A great way to cut down on the cost of flower gardening is to increase your current stock of perennials using propagation techniques. With only a small amount of time and effort on your part, you can quickly increase your current plants, and who knows, maybe even make a few extra bucks by selling off your extras.
Crown division is the easiest method of propagating plants and one that most gardeners are familiar with. If not divided every few years, perennials can quickly become overgrown and enter a state of decline. Crown division accomplishes two things at once. It increases your stock while rejuvenating your remaining plants.
How To Do It:
Dig up the clumps and use a sharp knife or spade to divide the plants into pieces that contain segments of both roots and shoots.
Use this method for: Perennials that grow in clumps like daylilies, Hosta, ornamental grasses, Veronica, Phlox, and Shasta daisies.
Cuttings create a new plant by removing a portion of the mother plant and coaxing it to grow a new root system, a new shoot system, or both. This method can be used to propagate shrubs and perennial flowers.
How To Do It:
Cut off a section of stem 4 inches in length. The stems can either be taken from the tip of a mature plant (tip cuttings), or from new growth at the base of the plant (basal cuttings). Remove all but the top two leaves. Insert the bottom inch of the piece into a rooting hormone and then "plant" it into a pot filled with damp potting soil or a 50:50 mixture of sand and peat. Maintain high humidity by placing the pot in a sealed plastic bag or cover it with a cut-off base of a soda bottle. Place the pot in bright, but not direct, sunlight. Keep it moist (not wet) and check in a month to see if the plant has started to form roots. If the plant resists when you give it a gentle tug it has probably formed roots. You may also notice them coming out of the drainage holes in the bottom of the pot.
Use this method for: (Stem cuttings) clematis, dianthus, geranium, lobelia, malva, penstemon, salvia, verbena, and vinca; (Basal cuttings) asters, anthemis, bellflowesr, catmint, chrysanthrmums, dahlias, lupine, monarda, phlox, scabiosa, violas, wormwood, and yarrow.
How To Do It:
Fill a pot with damp potting soil or a 50:50 mix of sand and peat. Remove a healthy leaf from the parent plant and cut the end that was attached to the plant into a "V". Insert the "V" end of the leaf into the growing medium and cover the pot with a plastic bag or the cut-off base of a soft-drink bottle to maintain humidity. Place in bright light, but not direct sunlight and keep the soil moist. If successful, in a few weeks the original leaf will give way to a new baby plant.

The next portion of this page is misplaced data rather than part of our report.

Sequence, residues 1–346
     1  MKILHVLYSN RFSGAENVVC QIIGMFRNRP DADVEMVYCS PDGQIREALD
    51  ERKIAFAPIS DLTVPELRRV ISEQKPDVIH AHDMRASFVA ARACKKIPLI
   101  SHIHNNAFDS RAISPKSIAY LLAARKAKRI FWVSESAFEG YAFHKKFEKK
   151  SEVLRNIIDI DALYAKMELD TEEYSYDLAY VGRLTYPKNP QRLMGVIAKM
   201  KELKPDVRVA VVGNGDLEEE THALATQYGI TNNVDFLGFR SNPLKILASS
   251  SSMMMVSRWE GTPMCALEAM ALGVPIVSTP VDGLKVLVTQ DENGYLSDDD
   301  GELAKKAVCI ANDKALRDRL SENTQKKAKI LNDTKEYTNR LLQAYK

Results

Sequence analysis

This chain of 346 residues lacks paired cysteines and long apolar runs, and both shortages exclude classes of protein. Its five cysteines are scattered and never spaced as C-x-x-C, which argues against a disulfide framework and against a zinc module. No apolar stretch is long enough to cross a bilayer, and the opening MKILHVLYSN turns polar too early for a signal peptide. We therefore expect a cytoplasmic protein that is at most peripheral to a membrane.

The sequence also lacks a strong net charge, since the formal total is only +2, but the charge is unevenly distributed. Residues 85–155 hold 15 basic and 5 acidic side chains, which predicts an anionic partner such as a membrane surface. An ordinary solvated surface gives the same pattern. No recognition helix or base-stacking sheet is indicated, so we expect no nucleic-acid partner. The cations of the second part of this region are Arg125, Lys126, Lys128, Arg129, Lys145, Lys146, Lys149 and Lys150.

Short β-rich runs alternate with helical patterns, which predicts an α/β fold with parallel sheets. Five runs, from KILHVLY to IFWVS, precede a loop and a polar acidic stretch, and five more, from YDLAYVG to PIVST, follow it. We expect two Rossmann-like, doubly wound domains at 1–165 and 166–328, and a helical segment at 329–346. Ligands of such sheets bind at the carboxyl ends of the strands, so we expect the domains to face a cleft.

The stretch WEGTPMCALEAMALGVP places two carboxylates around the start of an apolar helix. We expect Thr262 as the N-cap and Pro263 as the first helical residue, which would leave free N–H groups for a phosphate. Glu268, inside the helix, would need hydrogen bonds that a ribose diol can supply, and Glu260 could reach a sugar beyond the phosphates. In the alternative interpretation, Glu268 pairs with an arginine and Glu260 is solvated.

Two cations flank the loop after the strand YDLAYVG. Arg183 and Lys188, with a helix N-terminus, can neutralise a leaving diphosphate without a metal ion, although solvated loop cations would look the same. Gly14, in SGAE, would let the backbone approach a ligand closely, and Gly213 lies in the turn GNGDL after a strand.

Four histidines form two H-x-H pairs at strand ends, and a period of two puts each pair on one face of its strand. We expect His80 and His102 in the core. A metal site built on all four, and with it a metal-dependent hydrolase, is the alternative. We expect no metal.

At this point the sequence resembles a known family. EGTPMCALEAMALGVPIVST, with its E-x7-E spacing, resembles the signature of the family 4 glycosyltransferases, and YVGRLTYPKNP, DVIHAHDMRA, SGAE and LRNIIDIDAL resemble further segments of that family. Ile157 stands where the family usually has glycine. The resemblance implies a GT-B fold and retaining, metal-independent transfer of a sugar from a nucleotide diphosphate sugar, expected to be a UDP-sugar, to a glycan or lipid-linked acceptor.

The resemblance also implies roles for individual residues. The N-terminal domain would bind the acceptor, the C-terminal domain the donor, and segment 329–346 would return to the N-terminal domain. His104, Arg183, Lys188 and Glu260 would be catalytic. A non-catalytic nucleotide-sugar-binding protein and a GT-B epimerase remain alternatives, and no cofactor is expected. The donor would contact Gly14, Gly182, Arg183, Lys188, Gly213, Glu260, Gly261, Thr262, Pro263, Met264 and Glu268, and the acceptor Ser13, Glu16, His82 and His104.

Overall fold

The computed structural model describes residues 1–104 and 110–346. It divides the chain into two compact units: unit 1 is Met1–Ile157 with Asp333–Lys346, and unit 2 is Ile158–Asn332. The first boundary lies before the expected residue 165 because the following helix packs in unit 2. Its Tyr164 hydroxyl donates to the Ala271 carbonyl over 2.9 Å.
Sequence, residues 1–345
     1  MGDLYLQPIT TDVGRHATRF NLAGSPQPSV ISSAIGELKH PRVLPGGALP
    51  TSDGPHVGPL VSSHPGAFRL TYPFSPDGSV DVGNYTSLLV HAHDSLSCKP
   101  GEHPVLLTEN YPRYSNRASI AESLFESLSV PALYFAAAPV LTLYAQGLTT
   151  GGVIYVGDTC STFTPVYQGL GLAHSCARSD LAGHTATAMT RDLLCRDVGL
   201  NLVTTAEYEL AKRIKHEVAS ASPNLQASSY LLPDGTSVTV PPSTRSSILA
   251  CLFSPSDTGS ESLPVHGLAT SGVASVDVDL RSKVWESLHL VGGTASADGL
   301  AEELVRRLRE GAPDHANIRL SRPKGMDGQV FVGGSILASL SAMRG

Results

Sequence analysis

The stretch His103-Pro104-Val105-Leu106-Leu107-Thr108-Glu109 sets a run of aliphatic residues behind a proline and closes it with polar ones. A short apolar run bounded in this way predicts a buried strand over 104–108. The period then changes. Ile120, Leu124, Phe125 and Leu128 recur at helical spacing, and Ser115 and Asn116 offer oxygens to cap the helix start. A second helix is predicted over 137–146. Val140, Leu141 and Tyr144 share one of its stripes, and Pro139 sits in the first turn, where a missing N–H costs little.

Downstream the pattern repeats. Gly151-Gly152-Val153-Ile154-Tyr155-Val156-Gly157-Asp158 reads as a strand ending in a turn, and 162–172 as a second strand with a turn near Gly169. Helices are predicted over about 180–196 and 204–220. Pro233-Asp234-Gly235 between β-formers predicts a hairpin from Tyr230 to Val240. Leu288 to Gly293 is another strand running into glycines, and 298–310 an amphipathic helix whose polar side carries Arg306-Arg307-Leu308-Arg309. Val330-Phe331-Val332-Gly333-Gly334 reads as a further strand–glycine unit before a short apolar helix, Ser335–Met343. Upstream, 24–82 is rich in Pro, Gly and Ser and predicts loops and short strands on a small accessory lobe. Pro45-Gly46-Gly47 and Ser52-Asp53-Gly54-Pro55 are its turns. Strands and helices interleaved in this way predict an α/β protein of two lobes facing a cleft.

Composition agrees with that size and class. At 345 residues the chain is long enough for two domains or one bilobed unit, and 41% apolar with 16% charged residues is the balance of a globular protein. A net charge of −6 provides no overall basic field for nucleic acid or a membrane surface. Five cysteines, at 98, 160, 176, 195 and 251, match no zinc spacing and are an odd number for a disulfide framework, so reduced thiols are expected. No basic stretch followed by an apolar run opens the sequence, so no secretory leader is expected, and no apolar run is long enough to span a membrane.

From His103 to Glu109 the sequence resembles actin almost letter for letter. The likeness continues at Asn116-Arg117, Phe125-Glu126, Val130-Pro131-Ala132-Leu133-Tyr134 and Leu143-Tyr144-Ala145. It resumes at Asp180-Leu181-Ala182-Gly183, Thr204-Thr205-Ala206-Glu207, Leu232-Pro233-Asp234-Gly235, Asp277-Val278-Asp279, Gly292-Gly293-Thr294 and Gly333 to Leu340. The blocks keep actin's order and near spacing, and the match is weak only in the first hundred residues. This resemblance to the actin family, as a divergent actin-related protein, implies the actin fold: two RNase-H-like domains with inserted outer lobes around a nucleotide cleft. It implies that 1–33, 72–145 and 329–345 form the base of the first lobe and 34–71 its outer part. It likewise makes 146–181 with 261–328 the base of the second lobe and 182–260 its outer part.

Use this method for: Succulent varieties like sedums, sansevierias, begonias, African violets, and jade plants. Note: African violets can also be rooted in water.
How To Do It:
During the plant's dormant period (usually winter), dig down and remove a pencil-thick portion of root. Try to cut directly across the roots at right angles to avoid disturbing the mother plant. Wash the soil from the roots and cut them into 2-3 inch pieces with a horizontal cut at the top and a slant at the bottom. Fill a pot with growing medium (as described above) and insert the cuttings vertically (horizontal ends up) into the pot so that they are just level with the surface. Moisten the soil and cover the top with a fine layer of sand. Set in bright light, but not direct sunlight and keep soil moist (you do not need to cover the pot). Depending on the species you are trying to propagate, expect new shoots to emerge in 4 to 5 weeks.
Use this method for: Perennial shrubs and those with thicker roots like baby's breath, bleeding hearts, globe flowers, Japanese anemone, and Oriental poppies.
This method allows a new plant to grow while the piece being rooted is still connected to the mother plant. Many perennial shrubs with flexible branches do this naturally.
How to do it:
Gently bend the branch of an existing shrub toward the ground. Where the branch meets the ground, make a shallow 1 inch slice in the bark and bury this portion just under the soil. Anchor the branch securely to the ground using a piece of wire (coat hangers work great for this). In a few months the area you sliced will form roots and the newly rooted portion can be cut from the mother plant and transplanted elsewhere in your garden.
Use this method for: Shrubs with flexible branches like forsythia, raspberries, blackberries, and hardy roses.
About The Author: Ellen Brown is an environmental writer and photographer and the owner of Sustainable Media, an environmental media company that specializes in helping businesses and organizations promote eco-friendly products and services. Contact her on the web at http://www.sustainable-media.com
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